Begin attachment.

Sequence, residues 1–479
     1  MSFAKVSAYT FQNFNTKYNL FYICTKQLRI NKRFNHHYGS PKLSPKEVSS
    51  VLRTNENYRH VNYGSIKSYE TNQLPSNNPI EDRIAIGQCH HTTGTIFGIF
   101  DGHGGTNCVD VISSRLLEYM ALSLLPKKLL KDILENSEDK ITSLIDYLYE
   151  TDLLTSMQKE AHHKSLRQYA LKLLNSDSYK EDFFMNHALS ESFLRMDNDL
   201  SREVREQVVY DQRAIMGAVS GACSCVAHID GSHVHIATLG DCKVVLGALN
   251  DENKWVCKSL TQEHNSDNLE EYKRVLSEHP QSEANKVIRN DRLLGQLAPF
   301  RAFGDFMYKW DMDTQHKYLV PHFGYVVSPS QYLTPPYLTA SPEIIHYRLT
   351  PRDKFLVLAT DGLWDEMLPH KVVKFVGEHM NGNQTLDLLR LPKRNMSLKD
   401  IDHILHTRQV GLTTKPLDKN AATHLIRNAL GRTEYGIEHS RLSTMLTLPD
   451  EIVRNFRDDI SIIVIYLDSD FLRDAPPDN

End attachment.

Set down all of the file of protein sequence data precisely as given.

Sequence, residues 1–479
     1  MSFAKVSAYT FQNFNTKYNL FYICTKQLRI NKRFNHHYGS PKLSPKEVSS
    51  VLRTNENYRH VNYGSIKSYE TNQLPSNNPI EDRIAIGQCH HTTGTIFGIF
   101  DGHGGTNCVD VISSRLLEYM ALSLLPKKLL KDILENSEDK ITSLIDYLYE
   151  TDLLTSMQKE AHHKSLRQYA LKLLNSDSYK EDFFMNHALS ESFLRMDNDL
   201  SREVREQVVY DQRAIMGAVS GACSCVAHID GSHVHIATLG DCKVVLGALN
   251  DENKWVCKSL TQEHNSDNLE EYKRVLSEHP QSEANKVIRN DRLLGQLAPF
   301  RAFGDFMYKW DMDTQHKYLV PHFGYVVSPS QYLTPPYLTA SPEIIHYRLT
   351  PRDKFLVLAT DGLWDEMLPH KVVKFVGEHM NGNQTLDLLR LPKRNMSLKD
   401  IDHILHTRQV GLTTKPLDKN AATHLIRNAL GRTEYGIEHS RLSTMLTLPD
   451  EIVRNFRDDI SIIVIYLDSD FLRDAPPDN